5 Reasons Not to Upload a Resume to LinkedIn

By Beth Braccio Hering

Here's why you shouldn't upload your resume to LinkedIn

Photo by NordWood Themes

 

LinkedIn provides modern professionals with a convenient way to connect with and learn about others. The platform is used so widely today that failure to post a profile can raise eyebrows, especially if you’re searching for a job.

Yet while few dispute the value of joining LinkedIn, whether or not to upload a resume directly to the platform is still debated. Consider these reasons why uploading a standard resume might work against you before you hit ‘submit.’

1. Inability to Tailor Your Experience

Getting a hiring manager’s attention involves demonstrating why you’re the perfect person to fulfill the needs of the position at hand, not just any role. A posted resume reflects general qualifications, but does not address the particulars that make the connection to your fit for a specific opening. Customizing your resume before it goes in front of a prospective employer ups your odds of landing an interview.

Furthermore, the possibility exists that the one-size-fits all resume you uploaded could even come back to haunt you. Say you sent an awesome, tailored resume to a hiring manager. She likes it so much that she goes on LinkedIn to further check you out – only to find a resume there that doesn’t look so much like the one she received. This inconsistency can generate concern about your actual suitability and career interests.

2. Standard Resumes on LinkedIn May Discourage Contact

Recruiters and others looking to fill jobs frequently use LinkedIn as a way to source candidates, which is one of the reasons job seekers need a presence. From your end, the objective is to spark interest that generates contact. Conversing allows you to present yourself in the best light and learn about the opportunity.

But an uploaded resume potentially keeps you from ever getting that chance to make an impression. Readers may glance at the document and decide on the spot not to bother initiating a conversation. This denies you the occasion to highlight information they’d find most relevant, fill in gaps, and impress them with pertinent examples.

3. Repercussions at Work

Hirers aren’t the only ones looking at LinkedIn. Remember that your boss and colleagues have access too. Encountering an uploaded resume is likely to put the idea in their head that you are looking to switch jobs or fields, especially if you emphasize background or skills different from the bulk of your current position.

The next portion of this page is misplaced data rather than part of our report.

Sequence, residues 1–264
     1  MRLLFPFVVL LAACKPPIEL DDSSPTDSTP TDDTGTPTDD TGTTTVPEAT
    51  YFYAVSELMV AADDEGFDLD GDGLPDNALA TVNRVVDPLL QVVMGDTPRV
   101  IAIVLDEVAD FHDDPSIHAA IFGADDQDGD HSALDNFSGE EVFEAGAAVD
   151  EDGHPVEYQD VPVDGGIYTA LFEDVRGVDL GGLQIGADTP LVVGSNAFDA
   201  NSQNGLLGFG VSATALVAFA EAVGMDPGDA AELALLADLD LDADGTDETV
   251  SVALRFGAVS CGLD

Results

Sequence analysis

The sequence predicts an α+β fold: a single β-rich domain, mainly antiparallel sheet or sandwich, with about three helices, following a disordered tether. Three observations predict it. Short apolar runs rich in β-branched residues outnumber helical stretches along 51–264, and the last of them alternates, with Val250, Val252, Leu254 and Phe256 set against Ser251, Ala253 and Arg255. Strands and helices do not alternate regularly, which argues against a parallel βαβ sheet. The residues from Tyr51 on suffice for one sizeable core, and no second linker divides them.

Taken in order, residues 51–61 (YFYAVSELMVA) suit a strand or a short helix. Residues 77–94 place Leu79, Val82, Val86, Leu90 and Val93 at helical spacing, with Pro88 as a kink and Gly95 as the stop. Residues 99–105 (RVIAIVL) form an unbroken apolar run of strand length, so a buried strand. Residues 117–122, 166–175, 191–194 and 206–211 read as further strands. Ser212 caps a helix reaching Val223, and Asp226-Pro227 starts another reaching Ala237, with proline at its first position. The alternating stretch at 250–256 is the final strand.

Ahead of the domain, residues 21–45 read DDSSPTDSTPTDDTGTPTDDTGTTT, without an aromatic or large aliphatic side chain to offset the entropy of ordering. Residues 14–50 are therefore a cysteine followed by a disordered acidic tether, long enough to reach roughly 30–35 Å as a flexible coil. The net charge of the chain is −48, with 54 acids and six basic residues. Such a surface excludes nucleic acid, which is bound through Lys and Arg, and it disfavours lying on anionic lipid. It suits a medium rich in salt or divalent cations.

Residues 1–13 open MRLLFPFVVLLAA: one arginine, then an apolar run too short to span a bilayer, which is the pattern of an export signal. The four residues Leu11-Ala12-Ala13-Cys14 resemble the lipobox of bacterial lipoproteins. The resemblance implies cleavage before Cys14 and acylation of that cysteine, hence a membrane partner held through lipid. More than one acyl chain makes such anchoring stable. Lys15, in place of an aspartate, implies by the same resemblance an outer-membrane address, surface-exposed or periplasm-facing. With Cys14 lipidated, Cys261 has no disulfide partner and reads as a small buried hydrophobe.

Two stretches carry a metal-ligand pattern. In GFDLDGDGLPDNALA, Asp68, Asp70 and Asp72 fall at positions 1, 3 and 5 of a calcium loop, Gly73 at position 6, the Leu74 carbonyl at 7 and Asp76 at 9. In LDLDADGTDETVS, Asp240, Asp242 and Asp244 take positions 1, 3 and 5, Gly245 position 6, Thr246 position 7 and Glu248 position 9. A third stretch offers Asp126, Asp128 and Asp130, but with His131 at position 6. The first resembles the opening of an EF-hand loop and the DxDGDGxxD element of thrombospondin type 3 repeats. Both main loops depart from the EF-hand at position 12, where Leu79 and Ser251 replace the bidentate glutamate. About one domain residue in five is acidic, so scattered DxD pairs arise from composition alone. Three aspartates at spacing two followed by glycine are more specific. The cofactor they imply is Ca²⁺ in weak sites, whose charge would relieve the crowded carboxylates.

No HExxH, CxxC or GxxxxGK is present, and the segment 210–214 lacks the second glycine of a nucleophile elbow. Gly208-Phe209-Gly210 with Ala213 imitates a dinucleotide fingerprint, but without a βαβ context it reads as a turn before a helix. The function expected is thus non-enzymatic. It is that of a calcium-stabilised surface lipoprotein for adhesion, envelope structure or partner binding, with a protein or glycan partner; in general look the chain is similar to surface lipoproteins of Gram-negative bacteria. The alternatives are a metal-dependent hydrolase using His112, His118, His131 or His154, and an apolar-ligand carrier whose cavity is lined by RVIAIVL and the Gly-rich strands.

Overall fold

In addition to the risk of alerting others that you’re on the market, a posted resume can lead to other problems at work. Tension can result when managers and coworkers disagree with the way you articulate your role and responsibilities, perhaps thinking you take too much credit or overstep bounds. Likewise, the stats you choose to present to quantifiably demonstrate achievements may not be numbers your employer particularly wants shared outside the company on a networking platform.

4. Privacy

While LinkedIn settings allow you to control contact information, an uploaded resume does not. Thus, experts generally agree that removing private information (such as address and phone number) from your resume before choosing to upload can be a smart move.

Remember that you lose control over who sees your resume once it gets uploaded. It becomes easy to download, and people can share, pirate, copy, or use that resume without your knowledge. Ask yourself if you’re comfortable with such a scenario and whether you might be putting yourself at risk for identity theft.

5. Low Reward Potential

A final reason in support of not uploading a resume to LinkedIn is that such an action is probably unnecessary. A well-written LinkedIn profile contains enough information for a new acquaintance to learn more about you or an HR rep to decide if you’re worth contacting.

Yes, there is that chance that uploading your resume could lead to it ending up in just the right hands. But many people find that constructing an engaging profile (including a quality, professional photo) is a more productive use of time and energy than debating all the risks.